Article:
2009 SAMA Award Winners
The SAMA awards were last night and they showcased the best local music talent!
Kwanele Sosibo shares his thoughts on it:
With the New Academics, Enyonini Mission and Kaalkop Waarheid losing to 340ml, Amadodana aseWeseli and Van Coke Kartel respectively, there were plenty of disappointed entourages avoiding eye-contact at Sun City by Saturday midnight. But it’s safe to say that the above awards went to the obvious, safe winners, which is something that can be said for more than a few categories. I guess that’s how the folks prefer it. Afro-pop is a perfect example of the predictability I’m talking about. By all accounts, Theo Kgosinkwe cruised to victory with I Am.
Generally, the upsets were kept to a bare minimum, with the possible exception of the hip-hop category, usually the most beef-inspiring one. Teargas came out of nowhere to scoop Zuluboy, Da L.E.S., JR and Nemza. With Da LES’ crossover appeal and Zuluboy’s emergence as a bonafide star with a prominent acting gig, I figured it was a tussle between the two. There were other sleepers, like Brickz taking the best kwaito album category from the likes of Thebe, Big Nuz, and his label boss Mzekezeke.
For some, it was a surprise to see an Afrikaans act as the top selling album, namely Leonie May with Vergeet M Nie. The Afrikaans community’s buying power and loyalty is notorious, hence the most downloaded true tone and full song being Elizma Theron and Nicholas Louw’s Kom Ons Vat n’ Kans. Although DJ Cleo’s Hands Up was the biggest selling mobile music download, that was only a caller tune. Furthermore, the popularity of Rhythmic Elements’ 2 By 2, the record of the year by public vote and this year’s benchmark (Tira’s after party set), did not translate into sales for the North West duo.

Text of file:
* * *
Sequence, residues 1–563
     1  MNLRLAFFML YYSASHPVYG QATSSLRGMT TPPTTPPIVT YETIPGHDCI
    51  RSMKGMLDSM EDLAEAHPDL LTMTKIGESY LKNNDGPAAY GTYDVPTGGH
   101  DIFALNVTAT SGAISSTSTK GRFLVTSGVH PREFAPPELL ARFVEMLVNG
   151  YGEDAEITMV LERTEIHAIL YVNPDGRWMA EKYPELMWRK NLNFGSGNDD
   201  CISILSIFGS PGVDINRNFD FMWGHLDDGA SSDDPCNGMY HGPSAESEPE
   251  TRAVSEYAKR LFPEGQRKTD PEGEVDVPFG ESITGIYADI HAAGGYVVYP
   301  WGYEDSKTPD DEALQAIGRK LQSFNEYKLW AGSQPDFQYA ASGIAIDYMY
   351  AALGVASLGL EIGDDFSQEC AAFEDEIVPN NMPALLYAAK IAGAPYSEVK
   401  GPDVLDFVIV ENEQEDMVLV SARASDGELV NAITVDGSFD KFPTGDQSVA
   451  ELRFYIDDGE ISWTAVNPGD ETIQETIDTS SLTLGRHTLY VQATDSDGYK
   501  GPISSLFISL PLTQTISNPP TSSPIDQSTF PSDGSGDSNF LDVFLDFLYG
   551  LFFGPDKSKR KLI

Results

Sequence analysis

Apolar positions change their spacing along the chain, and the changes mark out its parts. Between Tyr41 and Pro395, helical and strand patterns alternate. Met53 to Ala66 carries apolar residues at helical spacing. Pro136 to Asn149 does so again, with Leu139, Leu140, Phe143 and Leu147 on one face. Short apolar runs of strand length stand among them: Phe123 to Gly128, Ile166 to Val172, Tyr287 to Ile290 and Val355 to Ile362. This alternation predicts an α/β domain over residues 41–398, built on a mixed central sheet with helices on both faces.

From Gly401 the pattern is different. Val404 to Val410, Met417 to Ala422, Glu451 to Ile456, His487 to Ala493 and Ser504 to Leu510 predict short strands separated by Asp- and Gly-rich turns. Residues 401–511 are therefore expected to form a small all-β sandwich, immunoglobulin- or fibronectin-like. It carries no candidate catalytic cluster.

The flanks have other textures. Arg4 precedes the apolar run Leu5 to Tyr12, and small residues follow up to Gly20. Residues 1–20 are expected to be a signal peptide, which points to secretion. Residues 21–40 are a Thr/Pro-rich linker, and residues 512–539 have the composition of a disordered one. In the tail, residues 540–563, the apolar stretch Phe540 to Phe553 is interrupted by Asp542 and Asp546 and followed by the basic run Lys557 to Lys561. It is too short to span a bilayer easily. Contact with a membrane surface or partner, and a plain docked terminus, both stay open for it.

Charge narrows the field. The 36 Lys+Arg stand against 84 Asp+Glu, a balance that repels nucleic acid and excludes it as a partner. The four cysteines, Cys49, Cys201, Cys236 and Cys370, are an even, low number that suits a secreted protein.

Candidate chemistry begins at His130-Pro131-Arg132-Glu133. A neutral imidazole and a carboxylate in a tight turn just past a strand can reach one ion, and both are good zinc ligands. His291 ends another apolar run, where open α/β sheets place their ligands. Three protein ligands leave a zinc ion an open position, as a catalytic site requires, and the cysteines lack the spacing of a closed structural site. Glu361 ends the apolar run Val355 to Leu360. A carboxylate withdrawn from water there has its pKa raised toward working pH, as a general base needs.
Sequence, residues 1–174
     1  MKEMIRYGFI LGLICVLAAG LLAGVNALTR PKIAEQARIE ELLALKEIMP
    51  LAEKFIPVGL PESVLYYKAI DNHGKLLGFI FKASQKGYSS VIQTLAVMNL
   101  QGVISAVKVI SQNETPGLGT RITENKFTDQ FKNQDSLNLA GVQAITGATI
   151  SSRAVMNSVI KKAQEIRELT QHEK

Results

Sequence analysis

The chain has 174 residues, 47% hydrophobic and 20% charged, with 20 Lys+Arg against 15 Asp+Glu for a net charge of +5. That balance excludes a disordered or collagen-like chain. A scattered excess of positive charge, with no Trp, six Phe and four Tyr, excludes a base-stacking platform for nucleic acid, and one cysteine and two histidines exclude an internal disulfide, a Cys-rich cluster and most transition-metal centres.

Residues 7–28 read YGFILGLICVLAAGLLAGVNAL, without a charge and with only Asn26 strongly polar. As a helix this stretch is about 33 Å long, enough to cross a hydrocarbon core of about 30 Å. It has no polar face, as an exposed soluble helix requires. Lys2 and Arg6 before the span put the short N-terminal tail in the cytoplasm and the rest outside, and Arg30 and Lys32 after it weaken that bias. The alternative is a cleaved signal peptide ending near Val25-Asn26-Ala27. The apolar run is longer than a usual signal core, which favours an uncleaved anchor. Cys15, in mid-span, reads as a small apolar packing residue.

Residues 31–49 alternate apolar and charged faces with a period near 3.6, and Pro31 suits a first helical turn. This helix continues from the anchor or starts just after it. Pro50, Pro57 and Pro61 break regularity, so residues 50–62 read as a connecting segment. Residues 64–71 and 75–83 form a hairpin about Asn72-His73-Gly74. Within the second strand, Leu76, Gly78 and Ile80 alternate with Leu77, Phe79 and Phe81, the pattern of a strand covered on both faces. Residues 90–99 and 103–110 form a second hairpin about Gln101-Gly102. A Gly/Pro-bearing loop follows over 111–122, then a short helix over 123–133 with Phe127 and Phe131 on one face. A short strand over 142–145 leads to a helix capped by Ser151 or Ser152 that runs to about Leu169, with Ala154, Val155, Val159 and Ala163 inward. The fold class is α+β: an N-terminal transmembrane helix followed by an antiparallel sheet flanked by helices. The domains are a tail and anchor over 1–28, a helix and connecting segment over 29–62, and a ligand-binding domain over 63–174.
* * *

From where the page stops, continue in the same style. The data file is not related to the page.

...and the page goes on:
So you can guess who was on the anti-piracy bandwagon in the public service announcements. I would think obscurity would be the most feared killer of artists, but then again, I don’t make music, I only go to the gigs – sometimes even for free.
The SAMAs can sometimes seem like a “competition” grounded in political correctness, affiliations, alliances and interests all converging. It’s all the things things that point towards a culture of influence based on clout as opposed to musical innovation. My real surprise was how Lira seemed to win so many awards (four) despite the additional categories being apparently an attempt to forestall yellow carpet sweeps.
The winners are as follows:
Best African Traditional: Rebecca Malope – Ujehova Ungu’ Madida
Best Contemporary Jazz Album: The Moreira Project – Volume Two Citizen of the World
Best Maskanda Album: Imithente – Simqonda Ngqo
Music Video of the Year: The Parlotones – Overexposed
Best Urban Dance Album: DJ Kent – Mixing Buisness with Pleasure
Best Urban Pop Album: The Gang of Instrumentals – Round 3
Lifetime Achiever Awards: Anton Goosen & Yvonne Chaka Chaka
Best Afrikaans Pop: Eden – Kniee Lam
Best African Pop: Theo Kgosinkwe – I Am
Best English Rock Album: Zebra & Giraffe – Collected Memories
Best Rap Album: Teargas – Wata Wata
Best Kwaito Album: Brickz – Stop Nonsense
Best Selling Album: Lianie May – Vergeet My Nie
Best Producer and Best Dance album: Goldfish
and of course….
Newcomer of the Year – Andile Mseleku
Duo or Group of the Year – Soweto Gospel Choir
Best Female Artist of the Year – Lira
Best Male Artist of the Year – Abdullah Ibrahim
MTN Record of the Year – Rhythmic Elements
and the most coveted award of them all…
Album of the Year: Lira – Soul in Mind
yours in musical madness